January 28, 2008
Doors and Windows
I feel that the thought of a door vs a window is a very interesting one, and the example of a translation creates an excellent analogy. For example: say a piece was written in Greek, and your native language was English; a window would be a translation of a paragraph, an excerpt made available to you; whereas the door would be providing you with access to a translator, or translation of the piece, to 'let you in.' I examined in several posts in my 240 blog the idea of an authors intended purpose and the resulting reaction that the audience has. One of these such posts can be accessed here. Finally being an author of a piece of work myself, I think I have gained a slightly different perspective on this interaction. Last semester, the class was asked to examine and make a mapping of one of two poems. The poem I choose, "The Lightning is a yellow Fork," was transformed into my mapping which can be found, and explained here. Looking back, I now realize that my target audience, and who I was tailoring my mapping towards was myself. I don't think during any part of my mapping I considered 'what will other people think if I did this?' My mapping was specifically based around how I could best express what I felt the poem meant to me, but the mapping was aimed toward someone that understands things the way that I do. As we were sharing our 3D Maps, I can remember showing the Map, and then entertaining questions about why I included different pictures, and how I modeled the presentation of my map. Since my purpose, at the time, was to try to convey what I thought through site and sound, not the attached description, I feel as though I failed miserably in attaining my goal, but still succeeded in opening up a new understanding of an authors struggles, and providing ideas for new places to retool this. I can think of several ideas immediately of ways to modify my video to try and get closer to my goal of expressing what the poem means to me through the 3D Map. More to come soon . . .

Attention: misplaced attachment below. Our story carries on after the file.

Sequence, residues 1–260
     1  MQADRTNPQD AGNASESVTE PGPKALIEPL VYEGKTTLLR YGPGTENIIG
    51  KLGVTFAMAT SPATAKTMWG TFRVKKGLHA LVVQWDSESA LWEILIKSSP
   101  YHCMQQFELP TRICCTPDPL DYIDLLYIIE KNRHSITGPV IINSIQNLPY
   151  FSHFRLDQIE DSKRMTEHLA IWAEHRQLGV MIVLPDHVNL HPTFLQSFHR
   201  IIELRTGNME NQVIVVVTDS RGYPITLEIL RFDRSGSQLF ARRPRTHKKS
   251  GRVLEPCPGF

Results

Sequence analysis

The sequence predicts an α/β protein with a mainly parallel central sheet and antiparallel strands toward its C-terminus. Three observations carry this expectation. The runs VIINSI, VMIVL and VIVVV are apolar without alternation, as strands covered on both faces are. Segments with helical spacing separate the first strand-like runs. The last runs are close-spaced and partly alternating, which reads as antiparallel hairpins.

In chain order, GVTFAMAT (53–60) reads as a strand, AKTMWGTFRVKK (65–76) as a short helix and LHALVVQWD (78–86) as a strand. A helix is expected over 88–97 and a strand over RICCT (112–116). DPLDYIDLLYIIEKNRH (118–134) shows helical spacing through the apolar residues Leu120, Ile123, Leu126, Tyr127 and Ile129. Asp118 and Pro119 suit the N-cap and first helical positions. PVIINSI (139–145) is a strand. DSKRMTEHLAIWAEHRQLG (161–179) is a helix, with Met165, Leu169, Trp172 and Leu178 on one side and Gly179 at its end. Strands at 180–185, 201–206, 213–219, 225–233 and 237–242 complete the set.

Posted by ndjames at January 28, 2008 07:06 PM